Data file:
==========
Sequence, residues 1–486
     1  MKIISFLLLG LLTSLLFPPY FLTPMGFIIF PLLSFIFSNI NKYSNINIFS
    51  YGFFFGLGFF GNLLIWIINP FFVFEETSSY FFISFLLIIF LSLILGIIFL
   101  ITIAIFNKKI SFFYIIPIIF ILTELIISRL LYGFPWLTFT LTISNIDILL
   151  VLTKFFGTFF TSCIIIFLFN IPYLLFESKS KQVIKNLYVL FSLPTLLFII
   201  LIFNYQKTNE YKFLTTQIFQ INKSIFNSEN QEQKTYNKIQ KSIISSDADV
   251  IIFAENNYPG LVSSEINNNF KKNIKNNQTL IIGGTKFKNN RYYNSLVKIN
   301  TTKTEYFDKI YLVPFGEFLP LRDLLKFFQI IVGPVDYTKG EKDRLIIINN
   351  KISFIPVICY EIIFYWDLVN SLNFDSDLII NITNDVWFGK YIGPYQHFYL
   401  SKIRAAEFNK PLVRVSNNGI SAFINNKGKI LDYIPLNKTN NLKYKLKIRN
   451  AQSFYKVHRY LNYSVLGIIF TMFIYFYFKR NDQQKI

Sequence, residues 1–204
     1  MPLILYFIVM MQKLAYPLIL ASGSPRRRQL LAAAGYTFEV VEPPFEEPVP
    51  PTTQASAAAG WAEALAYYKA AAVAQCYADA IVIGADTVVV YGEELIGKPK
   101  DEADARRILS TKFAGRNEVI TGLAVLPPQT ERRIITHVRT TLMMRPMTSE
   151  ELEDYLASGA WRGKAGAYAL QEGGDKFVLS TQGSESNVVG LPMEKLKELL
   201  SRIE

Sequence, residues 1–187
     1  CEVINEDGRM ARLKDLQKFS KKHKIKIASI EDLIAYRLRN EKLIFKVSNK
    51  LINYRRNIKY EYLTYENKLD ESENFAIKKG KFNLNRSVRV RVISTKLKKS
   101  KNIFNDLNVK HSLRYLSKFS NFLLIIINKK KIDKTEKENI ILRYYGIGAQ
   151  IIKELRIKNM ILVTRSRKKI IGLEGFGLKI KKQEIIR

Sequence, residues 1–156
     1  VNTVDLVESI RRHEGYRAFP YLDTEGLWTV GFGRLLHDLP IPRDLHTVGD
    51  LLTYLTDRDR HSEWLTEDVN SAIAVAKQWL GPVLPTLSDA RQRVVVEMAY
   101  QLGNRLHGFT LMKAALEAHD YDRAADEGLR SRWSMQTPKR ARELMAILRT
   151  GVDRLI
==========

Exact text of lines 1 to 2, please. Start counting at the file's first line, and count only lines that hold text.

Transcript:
Sequence, residues 1–486
     1  MKIISFLLLG LLTSLLFPPY FLTPMGFIIF PLLSFIFSNI NKYSNINIFS